To Give, To Receive


as preached at the First Unitarian Universalist Church of Houston, October 16, 2022

The Unitarian Universalist theologian Rebecca Parker has always been clear eyed about the purpose of our religious communion. In essay after essay, in book after book, writing alone or with a collaborator, she has told us that we gather in “hope for the recognition and realization of paradise on earth, rather than after death or after the end of the world.”

The recognition and realization of paradise on earth, rather than after death or after the end of the world, I invite you to hold onto those lines as we proceed with our sermon. We will return to them, perhaps once, perhaps twice, possibly even more often. The theme of the month is cycles. Instead of offering a linear narrative–a sermonic journey in which each phrase passes by like the mile marker on a freeway–I am going to present you with a somewhat more circular text.

The recognition and realization of paradise on earth, rather than after death or after the end of the world, when I say the word paradise what do you imagine? Instead of what, should I say where? Or when?

In many traditions, paradise is conceived of as a garden–a cultivated collection of plants, verdant with leaves and vines, rich with flowers, awash in colors or covered in soft rain. And so, sometimes when I think of paradise, I imagine the great gardens I have known.

There are the Voyanovy Gardens in Prague. The city’s oldest, their origins stretch back to the Middle Ages when they served as the grounds of a bishop’s residence. Sometime later, they became the property of a now defunct convent. Then, eventually, they passed into the Ministry of Finance’s possession and, after that, to the city itself.

Or something like that, the gardens are so old that I imagine their history might as well be a matter of myth. If we were to visit them together, I suspect that you would not care that much about their history. Instead, you might be caught, like I have been, by their mystic charm. They are not quite secret gardens. Totally surrounded by high plastered walls that date from I know not when, you or I can only enter them from ill marked doors.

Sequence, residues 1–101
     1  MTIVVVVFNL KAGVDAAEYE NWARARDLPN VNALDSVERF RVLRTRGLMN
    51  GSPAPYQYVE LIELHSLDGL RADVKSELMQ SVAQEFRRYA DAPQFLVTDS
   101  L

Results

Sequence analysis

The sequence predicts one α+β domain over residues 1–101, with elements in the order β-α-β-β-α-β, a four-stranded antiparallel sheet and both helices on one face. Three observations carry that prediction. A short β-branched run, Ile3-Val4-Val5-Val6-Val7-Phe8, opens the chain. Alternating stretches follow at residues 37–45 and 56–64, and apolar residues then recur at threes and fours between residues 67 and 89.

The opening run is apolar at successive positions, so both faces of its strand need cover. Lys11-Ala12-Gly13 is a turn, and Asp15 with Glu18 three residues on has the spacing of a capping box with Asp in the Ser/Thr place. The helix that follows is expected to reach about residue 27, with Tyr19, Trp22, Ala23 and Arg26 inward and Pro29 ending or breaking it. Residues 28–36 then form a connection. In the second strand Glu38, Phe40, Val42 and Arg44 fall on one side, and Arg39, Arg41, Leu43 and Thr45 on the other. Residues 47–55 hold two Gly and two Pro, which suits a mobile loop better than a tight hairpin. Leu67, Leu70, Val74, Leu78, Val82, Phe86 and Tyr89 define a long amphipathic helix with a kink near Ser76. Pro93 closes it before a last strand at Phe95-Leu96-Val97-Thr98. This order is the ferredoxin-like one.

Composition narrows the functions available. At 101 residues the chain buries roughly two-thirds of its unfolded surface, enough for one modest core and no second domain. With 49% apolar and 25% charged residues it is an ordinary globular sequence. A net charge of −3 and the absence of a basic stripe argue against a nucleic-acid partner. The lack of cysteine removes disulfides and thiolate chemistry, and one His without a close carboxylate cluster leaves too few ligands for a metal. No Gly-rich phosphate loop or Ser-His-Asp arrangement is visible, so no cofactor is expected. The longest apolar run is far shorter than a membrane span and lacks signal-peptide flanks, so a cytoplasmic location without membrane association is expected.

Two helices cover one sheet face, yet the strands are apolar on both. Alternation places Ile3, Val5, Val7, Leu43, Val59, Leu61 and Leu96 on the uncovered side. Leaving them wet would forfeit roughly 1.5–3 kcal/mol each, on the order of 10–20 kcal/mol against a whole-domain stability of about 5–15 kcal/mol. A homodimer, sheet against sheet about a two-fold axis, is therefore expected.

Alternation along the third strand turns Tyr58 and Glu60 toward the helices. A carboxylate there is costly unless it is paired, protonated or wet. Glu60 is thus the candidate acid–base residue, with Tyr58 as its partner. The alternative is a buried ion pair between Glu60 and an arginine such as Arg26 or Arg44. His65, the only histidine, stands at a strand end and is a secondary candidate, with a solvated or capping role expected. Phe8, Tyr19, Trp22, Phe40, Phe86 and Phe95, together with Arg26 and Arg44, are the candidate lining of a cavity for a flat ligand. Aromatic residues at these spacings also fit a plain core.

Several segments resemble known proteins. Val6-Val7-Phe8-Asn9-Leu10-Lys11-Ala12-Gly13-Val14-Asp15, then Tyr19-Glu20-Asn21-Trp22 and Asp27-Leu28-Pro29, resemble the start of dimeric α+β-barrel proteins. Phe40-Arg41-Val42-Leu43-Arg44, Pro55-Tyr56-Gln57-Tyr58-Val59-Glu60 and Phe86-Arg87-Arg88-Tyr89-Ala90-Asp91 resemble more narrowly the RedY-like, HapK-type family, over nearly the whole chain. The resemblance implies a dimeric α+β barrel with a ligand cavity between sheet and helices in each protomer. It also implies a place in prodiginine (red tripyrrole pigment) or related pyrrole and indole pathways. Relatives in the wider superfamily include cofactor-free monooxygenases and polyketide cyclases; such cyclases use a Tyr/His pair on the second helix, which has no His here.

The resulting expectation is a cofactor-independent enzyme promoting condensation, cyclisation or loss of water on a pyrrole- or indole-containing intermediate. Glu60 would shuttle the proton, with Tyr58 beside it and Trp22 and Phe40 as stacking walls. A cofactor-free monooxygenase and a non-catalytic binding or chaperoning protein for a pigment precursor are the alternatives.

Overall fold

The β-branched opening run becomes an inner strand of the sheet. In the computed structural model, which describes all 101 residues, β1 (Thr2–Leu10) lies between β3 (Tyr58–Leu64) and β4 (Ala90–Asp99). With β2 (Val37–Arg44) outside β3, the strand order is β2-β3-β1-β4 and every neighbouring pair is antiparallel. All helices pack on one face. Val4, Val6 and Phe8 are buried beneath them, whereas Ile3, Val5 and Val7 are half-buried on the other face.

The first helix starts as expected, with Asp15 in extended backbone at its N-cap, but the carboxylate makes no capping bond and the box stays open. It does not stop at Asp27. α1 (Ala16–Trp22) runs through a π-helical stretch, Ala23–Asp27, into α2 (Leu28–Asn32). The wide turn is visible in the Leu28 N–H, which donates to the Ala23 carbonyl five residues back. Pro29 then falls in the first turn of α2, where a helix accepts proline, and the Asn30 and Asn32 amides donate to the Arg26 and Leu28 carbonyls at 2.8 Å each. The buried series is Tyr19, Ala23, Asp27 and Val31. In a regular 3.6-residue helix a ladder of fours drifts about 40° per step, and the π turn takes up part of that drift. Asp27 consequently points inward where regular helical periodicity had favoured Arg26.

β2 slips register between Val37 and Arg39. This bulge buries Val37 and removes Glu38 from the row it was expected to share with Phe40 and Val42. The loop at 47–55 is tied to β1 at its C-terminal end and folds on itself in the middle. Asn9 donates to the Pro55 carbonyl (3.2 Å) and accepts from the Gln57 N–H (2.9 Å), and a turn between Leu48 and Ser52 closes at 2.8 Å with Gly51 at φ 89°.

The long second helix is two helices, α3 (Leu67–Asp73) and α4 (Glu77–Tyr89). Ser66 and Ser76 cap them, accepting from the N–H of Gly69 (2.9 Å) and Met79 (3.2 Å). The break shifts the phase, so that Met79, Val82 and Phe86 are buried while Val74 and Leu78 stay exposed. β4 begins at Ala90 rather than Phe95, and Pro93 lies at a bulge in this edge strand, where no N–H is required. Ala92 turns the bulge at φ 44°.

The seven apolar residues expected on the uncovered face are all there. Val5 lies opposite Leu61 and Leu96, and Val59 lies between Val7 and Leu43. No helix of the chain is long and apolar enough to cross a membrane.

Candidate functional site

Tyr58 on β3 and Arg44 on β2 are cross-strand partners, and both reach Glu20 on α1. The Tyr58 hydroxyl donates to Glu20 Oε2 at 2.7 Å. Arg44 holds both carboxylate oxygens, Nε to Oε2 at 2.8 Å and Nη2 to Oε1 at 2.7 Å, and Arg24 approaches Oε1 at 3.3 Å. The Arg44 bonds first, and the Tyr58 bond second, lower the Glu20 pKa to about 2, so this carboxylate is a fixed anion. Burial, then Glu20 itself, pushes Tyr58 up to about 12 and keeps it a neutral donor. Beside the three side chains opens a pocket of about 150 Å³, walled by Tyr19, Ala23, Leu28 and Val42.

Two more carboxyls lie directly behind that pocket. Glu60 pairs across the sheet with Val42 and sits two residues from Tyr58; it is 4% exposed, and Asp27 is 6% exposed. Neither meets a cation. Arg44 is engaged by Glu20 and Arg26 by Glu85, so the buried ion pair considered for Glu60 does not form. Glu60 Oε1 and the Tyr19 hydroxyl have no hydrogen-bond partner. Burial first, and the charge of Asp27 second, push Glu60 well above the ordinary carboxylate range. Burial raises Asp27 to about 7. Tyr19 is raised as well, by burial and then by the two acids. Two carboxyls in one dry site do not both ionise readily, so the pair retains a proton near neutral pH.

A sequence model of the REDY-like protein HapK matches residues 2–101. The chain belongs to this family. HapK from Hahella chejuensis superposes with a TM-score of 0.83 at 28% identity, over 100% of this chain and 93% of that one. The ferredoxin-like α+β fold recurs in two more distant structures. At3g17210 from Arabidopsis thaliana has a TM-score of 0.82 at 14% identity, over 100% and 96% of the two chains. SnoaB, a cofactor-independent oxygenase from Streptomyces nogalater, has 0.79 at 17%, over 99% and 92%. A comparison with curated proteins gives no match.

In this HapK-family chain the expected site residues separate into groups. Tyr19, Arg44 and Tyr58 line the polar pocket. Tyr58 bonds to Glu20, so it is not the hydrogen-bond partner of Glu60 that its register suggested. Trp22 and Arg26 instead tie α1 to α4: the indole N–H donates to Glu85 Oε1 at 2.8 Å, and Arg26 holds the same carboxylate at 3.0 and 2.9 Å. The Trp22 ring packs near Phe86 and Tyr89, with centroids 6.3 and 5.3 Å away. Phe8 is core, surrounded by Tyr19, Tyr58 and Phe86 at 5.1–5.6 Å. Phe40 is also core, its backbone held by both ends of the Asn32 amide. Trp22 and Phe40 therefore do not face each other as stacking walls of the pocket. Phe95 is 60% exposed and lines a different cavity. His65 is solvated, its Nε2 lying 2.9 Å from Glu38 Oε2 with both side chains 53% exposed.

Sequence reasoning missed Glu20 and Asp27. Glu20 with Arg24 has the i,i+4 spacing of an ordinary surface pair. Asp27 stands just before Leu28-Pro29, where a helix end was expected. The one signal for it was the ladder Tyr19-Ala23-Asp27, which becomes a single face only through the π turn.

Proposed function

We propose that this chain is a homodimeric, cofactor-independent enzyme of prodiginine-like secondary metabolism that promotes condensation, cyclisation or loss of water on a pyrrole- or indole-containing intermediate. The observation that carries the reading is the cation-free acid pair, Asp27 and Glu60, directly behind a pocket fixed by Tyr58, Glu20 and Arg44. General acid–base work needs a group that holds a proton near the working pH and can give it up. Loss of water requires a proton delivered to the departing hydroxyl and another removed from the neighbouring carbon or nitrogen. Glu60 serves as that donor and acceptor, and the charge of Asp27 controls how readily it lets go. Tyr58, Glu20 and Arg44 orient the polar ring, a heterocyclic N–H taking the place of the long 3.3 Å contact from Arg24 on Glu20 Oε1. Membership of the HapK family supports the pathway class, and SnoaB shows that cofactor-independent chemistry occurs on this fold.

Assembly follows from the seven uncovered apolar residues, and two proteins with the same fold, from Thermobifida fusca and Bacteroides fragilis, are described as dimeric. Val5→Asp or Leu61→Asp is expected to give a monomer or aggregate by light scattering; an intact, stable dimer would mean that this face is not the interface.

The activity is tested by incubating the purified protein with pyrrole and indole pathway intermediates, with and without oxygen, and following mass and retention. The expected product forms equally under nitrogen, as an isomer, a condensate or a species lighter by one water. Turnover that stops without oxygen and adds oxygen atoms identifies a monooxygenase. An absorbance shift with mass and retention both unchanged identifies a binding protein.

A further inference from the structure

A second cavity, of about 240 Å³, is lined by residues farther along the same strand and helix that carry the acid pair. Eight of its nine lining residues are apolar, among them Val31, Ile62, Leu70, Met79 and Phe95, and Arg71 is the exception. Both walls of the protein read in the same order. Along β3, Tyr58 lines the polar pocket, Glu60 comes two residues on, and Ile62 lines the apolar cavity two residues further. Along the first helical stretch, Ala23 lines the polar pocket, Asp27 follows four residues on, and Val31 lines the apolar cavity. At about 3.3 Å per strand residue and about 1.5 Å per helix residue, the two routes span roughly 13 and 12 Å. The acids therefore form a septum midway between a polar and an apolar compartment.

And when we do… We are in the midst of a peaceful paradise. Beehives carved from whole logs rest in one corner. Their fronts are shaped like faces. From their gentle mouths emerge a busy, buzzing, yellow highway of bees moving, as they do, in a circular, cyclical, pattern, from hive to flower to hive and back again.

Look, over there, underneath that aged branch (can you tell how old its whorls and knots are?) is that, yes, I think it is, a peacock. The sometime bird of paradise is iridescent, brilliant with feathers, blue as any blue can be. And it is just sitting there, resting in the heat, caring not what you or I do.

A small river runs through the garden. It is a reminder that rivers have long been associated with paradise. They are symbols of the way in which divine blessings are imagined to flow over us, like water washing over rocks, when we are in the perfect lands.

Elder trees are everywhere for the tree of life and the tree of knowledge are imagined to have existed in the original garden. The tree of life, that symbol of the divine’s consecration of the world. For trees, which breath in carbon dioxide and exhale oxygen, are beings who make our human lives possible. The tree of knowledge, that symbol at the heart of the ancient fable which suggests that to be human is have knowledge of good and evil.

Most cities have tree filled gardens like these. When I was on sabbatical, I found them in London, Oxford, and Perugia, Italy–ancient things filled with small spots of forest, neatly laid out beds of roses, and plots of grass gone wild.